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Juan Diego Botto,
This film is very, very loosely connected with the book "The Anarchist Cookbook," a collection of do-it-yourself explosives, weapons and other violent tools which has since been disavowed by its author. Aside from featuring the book, the movie has absolutely no connection to it.
The movie does connect to the life of college dropout Puck (Devon Gummersall), an intelligent anarchist who spends his days living in a commune of like-minded folks among them: Karla (Gina Philips), a man hating feminist, Johnny Red (John Savage) a peaceful old hippie and Double-D (Steve Van Wormer), Puck's dimwitted best friend. Aside from protesting "oppressive" government actions, everything is relatively calm on the commune as they wait for the revolution, that is until the appearance of Johnny Black (Dylan Bruno) a violent nihilist who dismisses their peaceful ways. Things start to spiral out of control as Johnny Black convinces the collective to take a more severe approach to anarchy.
For a movie about questioning conventions, the script is pretty conventional. In fact, it's wholly unoriginal. Puck starts out as a lethargic, idealistic layabout who after facing the folly of his lifestyle alters his flaws and somewhat adjusts to adult life. This exact story seems to be lifted from 1998's "SLC Punk!" and while "SLC" delivered scathing satire, "Cookbook" only gives an occasional wink to entrenched hypocrisies. Additionally the pace of the story is very schizophrenic with some scenes being unbearably slow and others whizzing by. Maddening director choices like this completely fumbles the central point. Once the film closes by condemning violence in all its forms, it feels like putting a bandaid on a tumor.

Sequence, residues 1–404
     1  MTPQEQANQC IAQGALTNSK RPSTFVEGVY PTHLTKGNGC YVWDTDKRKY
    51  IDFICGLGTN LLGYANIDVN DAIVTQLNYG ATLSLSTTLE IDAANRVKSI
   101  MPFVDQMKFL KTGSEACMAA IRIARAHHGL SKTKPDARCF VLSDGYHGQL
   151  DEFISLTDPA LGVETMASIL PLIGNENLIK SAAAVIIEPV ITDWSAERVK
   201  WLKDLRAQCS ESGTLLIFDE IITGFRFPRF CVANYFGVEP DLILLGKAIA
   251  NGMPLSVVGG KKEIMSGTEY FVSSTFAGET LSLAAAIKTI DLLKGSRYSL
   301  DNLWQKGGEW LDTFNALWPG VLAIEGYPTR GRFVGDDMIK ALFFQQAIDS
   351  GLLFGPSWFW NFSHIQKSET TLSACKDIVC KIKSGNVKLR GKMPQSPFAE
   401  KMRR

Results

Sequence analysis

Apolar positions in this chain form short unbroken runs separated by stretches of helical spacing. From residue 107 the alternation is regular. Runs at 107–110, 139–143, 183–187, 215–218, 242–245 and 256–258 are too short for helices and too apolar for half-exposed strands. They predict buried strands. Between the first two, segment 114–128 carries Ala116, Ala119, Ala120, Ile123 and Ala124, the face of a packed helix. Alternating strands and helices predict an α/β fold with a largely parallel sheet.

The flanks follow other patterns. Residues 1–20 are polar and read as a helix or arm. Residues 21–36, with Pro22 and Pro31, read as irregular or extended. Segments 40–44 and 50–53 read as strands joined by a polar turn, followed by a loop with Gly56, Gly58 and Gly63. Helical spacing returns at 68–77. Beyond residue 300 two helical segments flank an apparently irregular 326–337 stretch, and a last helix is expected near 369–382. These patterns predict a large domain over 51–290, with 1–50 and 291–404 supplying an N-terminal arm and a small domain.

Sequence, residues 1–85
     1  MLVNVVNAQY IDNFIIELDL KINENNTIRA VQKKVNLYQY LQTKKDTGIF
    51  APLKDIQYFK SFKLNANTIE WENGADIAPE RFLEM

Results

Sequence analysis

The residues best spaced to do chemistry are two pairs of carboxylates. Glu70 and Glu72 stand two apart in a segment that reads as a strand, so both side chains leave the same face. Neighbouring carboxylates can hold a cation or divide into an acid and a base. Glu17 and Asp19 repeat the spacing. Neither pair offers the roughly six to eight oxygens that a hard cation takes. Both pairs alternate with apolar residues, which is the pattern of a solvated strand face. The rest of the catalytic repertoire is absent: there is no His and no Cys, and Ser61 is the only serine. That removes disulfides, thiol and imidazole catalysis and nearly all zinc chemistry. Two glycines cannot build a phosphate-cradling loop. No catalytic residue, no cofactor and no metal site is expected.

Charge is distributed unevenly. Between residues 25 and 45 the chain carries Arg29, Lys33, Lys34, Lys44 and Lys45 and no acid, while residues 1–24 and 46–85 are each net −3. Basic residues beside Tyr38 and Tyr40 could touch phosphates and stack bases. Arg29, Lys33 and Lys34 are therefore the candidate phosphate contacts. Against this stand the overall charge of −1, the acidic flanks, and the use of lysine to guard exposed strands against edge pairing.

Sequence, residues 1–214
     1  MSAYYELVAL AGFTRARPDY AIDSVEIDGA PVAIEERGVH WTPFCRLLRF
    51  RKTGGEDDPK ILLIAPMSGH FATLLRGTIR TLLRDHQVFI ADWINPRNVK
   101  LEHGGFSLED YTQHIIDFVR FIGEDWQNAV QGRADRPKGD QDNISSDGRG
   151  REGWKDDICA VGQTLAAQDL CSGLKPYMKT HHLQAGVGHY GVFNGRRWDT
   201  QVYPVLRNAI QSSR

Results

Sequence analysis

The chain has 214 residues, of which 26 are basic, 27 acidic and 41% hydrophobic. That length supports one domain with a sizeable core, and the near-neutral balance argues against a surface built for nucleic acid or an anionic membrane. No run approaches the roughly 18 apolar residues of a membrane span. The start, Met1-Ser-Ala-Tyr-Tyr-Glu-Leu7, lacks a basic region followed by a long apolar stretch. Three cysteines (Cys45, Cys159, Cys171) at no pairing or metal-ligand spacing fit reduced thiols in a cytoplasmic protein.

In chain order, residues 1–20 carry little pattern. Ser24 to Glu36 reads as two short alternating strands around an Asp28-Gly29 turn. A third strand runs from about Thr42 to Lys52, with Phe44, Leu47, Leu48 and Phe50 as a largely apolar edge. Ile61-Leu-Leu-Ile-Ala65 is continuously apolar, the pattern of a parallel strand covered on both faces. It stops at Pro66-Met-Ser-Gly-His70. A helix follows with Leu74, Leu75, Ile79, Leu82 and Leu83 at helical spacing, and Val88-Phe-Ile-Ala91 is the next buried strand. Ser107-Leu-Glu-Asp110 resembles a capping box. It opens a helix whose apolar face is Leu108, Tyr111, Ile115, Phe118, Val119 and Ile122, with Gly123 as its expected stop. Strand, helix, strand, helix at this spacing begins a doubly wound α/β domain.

A movie that involves such a predictable character arch needs to be supplied with decent acting on the part of the lead, and though Devon Gummersall tries his best, he never seems to get his footing on the character. The supporting cast doesn't fair any better. Karla becomes obnoxious, John Savage seems to phone it in and the character of Double-D is nothing more than a caricature out of place with the presumably "developing characters".
Jordan Susman made a lukewarm entrance into the movie industry winning a second place prize in 1997 for his short film "Sitting in Limbo" at the Montreal Film Festival. "The Anarchist Cookbook," released five years later has shown little improvement. Some scenes seem to have been shot by different types of cameras and lighting for no stylistic reason other than clear budget restraints. The editing is sloppy and everything seems to just not mesh at all.
There is one bright light in the form of Dylan Bruno. Bruno manages to portray menace with such understated glee that he balances intelligence, cunning and meat-headed violence pretty well. Unfortunately even his character is a shadow of what could have been.
"The Anarchist Cookbook" is an ill-conceived mess. Neither funny or dramatically engrossing, it serves as a toothless and forgetful expose on a subculture that deserves more credit. Neither emotionally striking or politically resonant this film about anarchy simply lacks anarchistic spirit.
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